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How to Clean and Maintain Motorcycle Air Filters

>> Ashley Benson

In order to work properly, a combustion engine needs air to fuel its fire. Literally. But any person with allergies will tell you that the air is packed with things that can make it difficult to breath. And just as we have our own little filter system to clean out the air we breathe (mmm... mucus), motorcycles have their air filters. The air filter on a motorcycle will vary depending on the model and make but there are a few facts about filters that remain the same across the board: there are three main kinds of filters, they all need to be cleaned or replaced and without one, or with a dirty one, your engine just won't run properly.

Types of Filters

There are three main types of filters. Sure there are variations of each and "newly improved" ones come out every day. But the basic things you need to know are the differences between a paper filter, a foam filter and a cotton filter.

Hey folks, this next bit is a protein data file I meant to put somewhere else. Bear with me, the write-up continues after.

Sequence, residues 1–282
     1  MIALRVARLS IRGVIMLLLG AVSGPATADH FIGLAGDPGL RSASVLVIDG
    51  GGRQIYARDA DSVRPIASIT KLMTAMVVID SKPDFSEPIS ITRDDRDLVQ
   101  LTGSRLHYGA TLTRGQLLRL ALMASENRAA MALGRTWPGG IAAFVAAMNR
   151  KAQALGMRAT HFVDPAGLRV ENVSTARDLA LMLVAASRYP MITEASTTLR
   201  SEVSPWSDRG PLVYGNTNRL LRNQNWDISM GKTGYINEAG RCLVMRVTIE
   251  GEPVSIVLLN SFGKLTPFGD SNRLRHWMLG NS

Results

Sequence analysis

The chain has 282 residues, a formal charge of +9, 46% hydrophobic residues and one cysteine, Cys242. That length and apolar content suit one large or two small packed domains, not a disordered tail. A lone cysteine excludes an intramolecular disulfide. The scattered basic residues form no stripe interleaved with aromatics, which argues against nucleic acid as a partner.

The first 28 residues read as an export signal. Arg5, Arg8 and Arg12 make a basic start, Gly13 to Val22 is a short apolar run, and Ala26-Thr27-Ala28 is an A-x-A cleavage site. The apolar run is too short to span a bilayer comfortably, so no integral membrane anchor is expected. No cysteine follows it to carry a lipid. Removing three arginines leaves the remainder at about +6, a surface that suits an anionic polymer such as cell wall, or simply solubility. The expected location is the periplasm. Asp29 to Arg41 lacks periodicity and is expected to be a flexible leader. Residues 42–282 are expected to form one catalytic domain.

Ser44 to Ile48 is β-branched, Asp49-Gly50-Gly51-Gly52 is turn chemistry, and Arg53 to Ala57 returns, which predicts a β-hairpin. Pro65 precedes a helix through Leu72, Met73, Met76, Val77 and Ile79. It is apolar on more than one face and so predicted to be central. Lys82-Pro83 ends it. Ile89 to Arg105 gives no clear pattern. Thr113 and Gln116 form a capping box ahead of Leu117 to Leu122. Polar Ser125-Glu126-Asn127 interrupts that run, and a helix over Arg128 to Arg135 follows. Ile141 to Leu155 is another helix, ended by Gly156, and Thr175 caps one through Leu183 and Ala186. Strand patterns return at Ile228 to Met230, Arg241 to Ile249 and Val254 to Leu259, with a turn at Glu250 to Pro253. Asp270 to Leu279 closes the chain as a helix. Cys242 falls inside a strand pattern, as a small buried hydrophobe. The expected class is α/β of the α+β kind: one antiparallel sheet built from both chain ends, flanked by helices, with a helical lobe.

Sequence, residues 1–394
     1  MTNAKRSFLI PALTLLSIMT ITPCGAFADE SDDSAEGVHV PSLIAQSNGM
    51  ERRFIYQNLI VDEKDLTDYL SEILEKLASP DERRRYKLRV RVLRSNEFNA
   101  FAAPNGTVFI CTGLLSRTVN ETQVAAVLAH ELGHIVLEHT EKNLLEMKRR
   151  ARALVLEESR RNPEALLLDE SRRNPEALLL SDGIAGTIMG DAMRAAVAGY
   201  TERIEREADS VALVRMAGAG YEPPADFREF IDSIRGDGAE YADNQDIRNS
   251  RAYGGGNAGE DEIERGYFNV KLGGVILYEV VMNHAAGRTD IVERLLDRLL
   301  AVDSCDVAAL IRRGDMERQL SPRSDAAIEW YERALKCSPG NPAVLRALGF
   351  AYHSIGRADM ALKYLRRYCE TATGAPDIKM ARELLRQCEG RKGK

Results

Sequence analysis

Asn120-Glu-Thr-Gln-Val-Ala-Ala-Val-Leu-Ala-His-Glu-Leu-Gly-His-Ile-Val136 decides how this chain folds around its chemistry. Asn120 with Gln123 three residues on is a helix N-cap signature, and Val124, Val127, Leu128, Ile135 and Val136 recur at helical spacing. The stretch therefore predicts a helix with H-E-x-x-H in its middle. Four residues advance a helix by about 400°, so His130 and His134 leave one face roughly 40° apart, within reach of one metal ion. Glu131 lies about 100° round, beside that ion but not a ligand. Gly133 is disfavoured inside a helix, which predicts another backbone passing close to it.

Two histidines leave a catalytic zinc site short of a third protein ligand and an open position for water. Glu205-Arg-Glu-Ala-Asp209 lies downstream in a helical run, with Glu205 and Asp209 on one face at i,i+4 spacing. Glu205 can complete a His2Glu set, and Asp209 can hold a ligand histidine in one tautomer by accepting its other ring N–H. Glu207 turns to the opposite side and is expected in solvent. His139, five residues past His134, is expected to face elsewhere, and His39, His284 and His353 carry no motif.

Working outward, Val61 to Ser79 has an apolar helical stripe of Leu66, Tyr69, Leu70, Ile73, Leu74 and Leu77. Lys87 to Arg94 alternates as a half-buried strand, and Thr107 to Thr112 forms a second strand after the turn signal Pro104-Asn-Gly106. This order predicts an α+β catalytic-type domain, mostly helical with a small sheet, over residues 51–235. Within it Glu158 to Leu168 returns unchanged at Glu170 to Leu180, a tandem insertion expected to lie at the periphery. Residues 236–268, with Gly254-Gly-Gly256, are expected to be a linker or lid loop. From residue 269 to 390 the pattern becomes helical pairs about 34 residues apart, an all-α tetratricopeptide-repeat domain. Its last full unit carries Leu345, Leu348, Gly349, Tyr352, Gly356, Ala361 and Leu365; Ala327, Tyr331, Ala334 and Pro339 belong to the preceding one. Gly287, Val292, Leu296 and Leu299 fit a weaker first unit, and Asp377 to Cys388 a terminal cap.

Paper Filters

It seems like most street motorcycles come stock with a paper filter like any of these Bmc Replacement Motorcycle Air Filters. Whether or not this is a good or bad thing is debatable. Many people like paper filters because they are inexpensive and disposable. There is no cleaning involved whatsoever. In fact, you CAN'T clean them. Trying to clean a paper filter will just break it down and make it hard for air to get through it which will lead to some serious engine suffocation. On the other hand, many people believe that these types of filters fail to actually remove a whole lot of the particulates from the air that you don't want entering your engine. If you've joined that club, it would probably be better to spend the extra money on either a cloth or a foam filter.